Corbyn snubs cross-party summit aimed at keeping UK's single market status
Jeremy Corbyn has snubbed a cross-party summit at the Houses of Parliament on retaining UK membership of the single market and customs union.
The talks, co-ordinated by SNP Westminster leader Ian Blackford, will involve the leaders of the Liberal Democrats, Plaid Cymru and the Greens, the party said.
The SNP also said there would also be a chair waiting for Jeremy Corbyn at the round-table meeting if he chose to attend.
Mr Blackford invited the Labour leader to the summit before new year but said he had indicated in a letter that Labour would not attend.
A Labour source defended Mr Corbyn's no-show and said the leader's "approach for a jobs-first Brexit, which involves retaining the benefits of the single market, is through negotiation with the EU".
-- Caroline Lucas (@CarolineLucas) January 9, 2018
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Mr Blackford added: "Extreme Tory plans to drag Scotland and the UK out of the single market and customs union will take a wrecking ball to our economy - destroying hundreds of thousands of jobs, and damaging people's incomes, livelihoods, and living standards for decades to come.
"As we move into the critical second phase of the Brexit negotiations, and with just over a year to go before the UK is set to leave the EU, time is running out to save the country from this unprecedented economic catastrophe.
-- Lib Dem Press Office (@LibDemPress) January 9, 2018
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"Our hope for the meeting is to build on the consensus with other opposition parties - it is now more important than ever that we have a united and effective opposition focused on protecting our vital single market membership and holding the UK Government to account.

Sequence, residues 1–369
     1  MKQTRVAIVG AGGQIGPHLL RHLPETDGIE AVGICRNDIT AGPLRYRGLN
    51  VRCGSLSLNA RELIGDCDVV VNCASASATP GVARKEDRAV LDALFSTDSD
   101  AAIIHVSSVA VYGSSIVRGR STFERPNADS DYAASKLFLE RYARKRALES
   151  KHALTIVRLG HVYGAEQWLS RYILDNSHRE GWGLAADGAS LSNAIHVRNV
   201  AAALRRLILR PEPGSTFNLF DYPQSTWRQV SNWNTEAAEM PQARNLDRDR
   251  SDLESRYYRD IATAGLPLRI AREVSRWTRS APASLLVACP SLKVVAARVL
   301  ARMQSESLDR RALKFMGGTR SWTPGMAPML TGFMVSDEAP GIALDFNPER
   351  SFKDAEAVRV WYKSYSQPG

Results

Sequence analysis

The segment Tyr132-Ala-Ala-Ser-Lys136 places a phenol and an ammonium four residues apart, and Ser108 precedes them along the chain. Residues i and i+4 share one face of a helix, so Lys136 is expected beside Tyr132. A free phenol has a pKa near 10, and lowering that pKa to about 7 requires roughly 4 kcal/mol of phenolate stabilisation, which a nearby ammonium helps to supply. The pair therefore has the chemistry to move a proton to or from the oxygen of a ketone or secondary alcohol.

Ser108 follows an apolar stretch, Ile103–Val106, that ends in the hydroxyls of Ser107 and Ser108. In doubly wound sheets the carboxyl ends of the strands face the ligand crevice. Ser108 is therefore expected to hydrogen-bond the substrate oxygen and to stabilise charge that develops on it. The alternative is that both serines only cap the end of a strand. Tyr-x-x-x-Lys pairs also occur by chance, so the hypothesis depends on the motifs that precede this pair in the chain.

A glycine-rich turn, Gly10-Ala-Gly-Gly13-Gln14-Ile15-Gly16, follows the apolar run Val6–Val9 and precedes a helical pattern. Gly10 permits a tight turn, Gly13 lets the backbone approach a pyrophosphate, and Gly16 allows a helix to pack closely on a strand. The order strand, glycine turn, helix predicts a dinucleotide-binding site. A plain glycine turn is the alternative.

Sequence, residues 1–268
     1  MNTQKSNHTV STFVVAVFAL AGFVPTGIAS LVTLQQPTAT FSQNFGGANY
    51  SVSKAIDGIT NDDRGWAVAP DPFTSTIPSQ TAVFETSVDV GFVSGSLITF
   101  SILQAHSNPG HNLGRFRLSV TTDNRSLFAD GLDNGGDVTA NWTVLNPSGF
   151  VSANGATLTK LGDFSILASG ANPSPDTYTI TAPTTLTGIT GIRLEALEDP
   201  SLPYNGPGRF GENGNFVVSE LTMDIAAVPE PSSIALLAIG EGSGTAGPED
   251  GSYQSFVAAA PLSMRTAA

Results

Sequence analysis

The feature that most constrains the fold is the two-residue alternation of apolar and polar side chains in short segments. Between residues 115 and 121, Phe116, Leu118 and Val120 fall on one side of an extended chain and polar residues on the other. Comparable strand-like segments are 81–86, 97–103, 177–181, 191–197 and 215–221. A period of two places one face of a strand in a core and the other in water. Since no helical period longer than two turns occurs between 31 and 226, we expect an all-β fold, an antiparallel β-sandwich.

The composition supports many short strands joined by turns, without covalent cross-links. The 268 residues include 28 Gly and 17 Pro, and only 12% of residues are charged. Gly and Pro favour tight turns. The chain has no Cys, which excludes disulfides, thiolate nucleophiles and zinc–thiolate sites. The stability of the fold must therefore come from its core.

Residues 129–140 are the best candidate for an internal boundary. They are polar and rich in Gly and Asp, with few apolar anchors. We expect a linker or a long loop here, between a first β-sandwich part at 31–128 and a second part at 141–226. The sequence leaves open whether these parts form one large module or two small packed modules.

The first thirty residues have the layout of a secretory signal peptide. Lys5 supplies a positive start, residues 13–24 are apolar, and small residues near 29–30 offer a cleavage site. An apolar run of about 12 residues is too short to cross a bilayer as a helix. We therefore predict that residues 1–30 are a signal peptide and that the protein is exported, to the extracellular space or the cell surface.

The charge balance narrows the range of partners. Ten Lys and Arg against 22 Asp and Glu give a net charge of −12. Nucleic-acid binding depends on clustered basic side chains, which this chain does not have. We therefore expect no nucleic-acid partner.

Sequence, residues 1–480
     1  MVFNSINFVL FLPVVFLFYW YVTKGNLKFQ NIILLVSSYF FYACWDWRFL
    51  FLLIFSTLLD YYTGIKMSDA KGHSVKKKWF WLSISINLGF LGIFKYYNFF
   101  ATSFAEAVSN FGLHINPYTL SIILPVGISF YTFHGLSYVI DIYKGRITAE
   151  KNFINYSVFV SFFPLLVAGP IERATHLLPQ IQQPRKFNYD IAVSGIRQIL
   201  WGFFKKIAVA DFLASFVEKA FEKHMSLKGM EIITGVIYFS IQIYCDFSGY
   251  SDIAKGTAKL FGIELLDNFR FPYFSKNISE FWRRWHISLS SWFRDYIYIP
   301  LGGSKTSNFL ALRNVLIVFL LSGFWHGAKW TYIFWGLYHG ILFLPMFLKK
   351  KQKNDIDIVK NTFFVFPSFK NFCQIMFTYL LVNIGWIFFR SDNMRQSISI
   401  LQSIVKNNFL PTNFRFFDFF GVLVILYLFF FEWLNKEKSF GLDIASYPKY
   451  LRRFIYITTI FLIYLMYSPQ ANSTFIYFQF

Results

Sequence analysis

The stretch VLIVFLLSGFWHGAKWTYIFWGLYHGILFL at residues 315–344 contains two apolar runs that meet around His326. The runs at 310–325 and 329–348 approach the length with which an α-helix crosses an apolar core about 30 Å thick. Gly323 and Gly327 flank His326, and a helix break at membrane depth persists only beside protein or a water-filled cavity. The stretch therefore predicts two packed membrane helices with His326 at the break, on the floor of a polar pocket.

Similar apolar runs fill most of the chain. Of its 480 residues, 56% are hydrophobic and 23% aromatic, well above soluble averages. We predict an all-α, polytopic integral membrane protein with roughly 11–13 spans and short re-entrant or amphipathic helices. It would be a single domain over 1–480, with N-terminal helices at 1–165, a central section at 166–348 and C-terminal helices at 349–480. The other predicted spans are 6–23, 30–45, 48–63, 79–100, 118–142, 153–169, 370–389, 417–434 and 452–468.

"Short of remaining in the EU, protecting our single market membership is by far the best compromise, the least damaging option, and the only way to safeguard people's jobs, incomes and living standards."
Lib Dem leader Sir Vince Cable urged Labour to back single market membership.
After the meeting, he said: "This is a good, positive step to parliamentary co-ordination between opposition parties against the Conservative Brexit.
"There are four parties here who are putting their political differences to one side for the good of the country.
"I would urge the Labour leadership to do the same and get involved - their membership and most of their MPs would like them to fight to remain in the single market and customs union."
But a Labour source told the Press Association: "The single market is not a membership club that can be joined so we seek, through negotiation, to retain the benefits of the single market.
"As he [Mr Corbyn] said in his letter back to Ian Blackford, the summit rests on the falsehood that the single market is a membership organisation which you can join, which it is not.
"Our approach for a jobs-first Brexit, which involves retaining the benefits of the single market, is through negotiation with the EU."
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